I: Learning a positive outlook on relationships and different people.
I firmly believe people have far more similarities than they have differences. This goes for different races, cultures, genders and age groups. All are far more similar than they are different, but people fail to see that because they are programmed to downplay the similarities while emphasizing differences far more, creating an illusion of a greater rift than actually exists.
Our culture has accepted two huge lies. The first is that if you disagree with someone’s lifestyle, you must hate or fear them. The second is to love someone means you agree with everything they believe and do. Both are nonsense. You don’t have to compromise convictions to be compassionate.
We meet no ordinary people in our lives.
-C. S. Lewis
I wonder how many people I’ve looked at all my life and never seen.
People are just as wonderful as sunsets if you let them be. When I look at a sunset, I don't find myself saying, "Soften the orange a bit on the right hand corner." I don't try to control a sunset. I watch with awe as it unfolds.
-Carl R. Rogers
The greatest danger you face is your general assumption that you really understand people and that you can quickly judge and categorize them. Instead, you must begin with the assumption that you are ignorant and that you have natural biases that will make you judge people incorrectly. The people around you present a mask that suits their purposes. You mistake the mask for reality. Let go of your tendency to make snap judgments. Open your mind to seeing people in a new light. Do not assume that you are similar or that they share your values. Each person you meet is like an undiscovered country, with a very particular psychological chemistry that you will carefully explore. You are more than ready to be surprised by what you uncover.
Everything that irritates us about others can lead us to an understanding of ourselves.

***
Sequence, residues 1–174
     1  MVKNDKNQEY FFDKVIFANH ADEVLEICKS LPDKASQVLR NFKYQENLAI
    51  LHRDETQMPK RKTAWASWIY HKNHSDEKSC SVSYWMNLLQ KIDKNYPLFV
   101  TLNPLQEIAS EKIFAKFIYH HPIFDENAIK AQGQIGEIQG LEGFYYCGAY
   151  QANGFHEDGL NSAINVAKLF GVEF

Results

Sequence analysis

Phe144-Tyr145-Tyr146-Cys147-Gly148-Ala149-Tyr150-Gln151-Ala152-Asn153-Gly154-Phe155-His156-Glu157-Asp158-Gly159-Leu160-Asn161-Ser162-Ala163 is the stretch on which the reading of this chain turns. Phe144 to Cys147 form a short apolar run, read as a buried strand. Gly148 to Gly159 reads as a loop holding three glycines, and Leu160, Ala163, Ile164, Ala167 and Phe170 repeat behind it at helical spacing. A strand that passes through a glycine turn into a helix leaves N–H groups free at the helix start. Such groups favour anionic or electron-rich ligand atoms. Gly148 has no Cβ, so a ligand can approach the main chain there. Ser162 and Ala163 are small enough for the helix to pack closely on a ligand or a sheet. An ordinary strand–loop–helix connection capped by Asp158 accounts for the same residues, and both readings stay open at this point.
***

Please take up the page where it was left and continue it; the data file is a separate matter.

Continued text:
We discover in ourselves what others hide from us and we recognize in others what we hide from ourselves.
What angers us in another person is more often than not an unhealed aspect of ourselves. If we had already resolved that particular issue, we would not be irritated by its reflection back to us.
-Simon Peter Fuller
Once a construct becomes part of a person’s cognitive structure, it potentially can be applied to anything. Thus, whatever constructs one applies to others are potentially applicable to the self, and vice versa: “One cannot call another person a bastard without making bastardy a dimension of his own life also."
He who fights monsters should see to it that he himself does not become a monster.
We’re all going to die, all of us, what a circus! That alone should make us love each other but it doesn’t. We are terrorized and flattened by trivialities, we are eaten up by nothing.
Hurt people hurt people. That’s how pain patterns gets passed on, generation after generation after generation. Break the chain today. Meet anger with sympathy, contempt with compassion, cruelty with kindness. Greet grimaces with smiles. Forgive and forget about finding fault. Love is the weapon of the future.
A loving person lives in a loving world. A hostile person lives in a hostile world. Everyone you meet is your mirror.
The trick is in what one emphasizes. We either make ourselves miserable, or we make ourselves happy. The amount of work is the same.
II: The "Passion Trap".
The very urge to attract someone, to bring another person under your emotional control, contains the potential for upsetting the balance of the relationship. And that is because the feeling of being in love is biochemically linked to the feeling of being out of control. Once you feel completely in control or sure of another person’s love, your feelings of passion begin to fade. Gone is the challenge, the emotional spark, the excitement.
-Dean C. Delis (The Passion Trap)
Even the most beautiful scenery is no longer assured of our love after we have lived in it for three months, and some distant coast attracts our avarice: possessions are generally diminished by possession…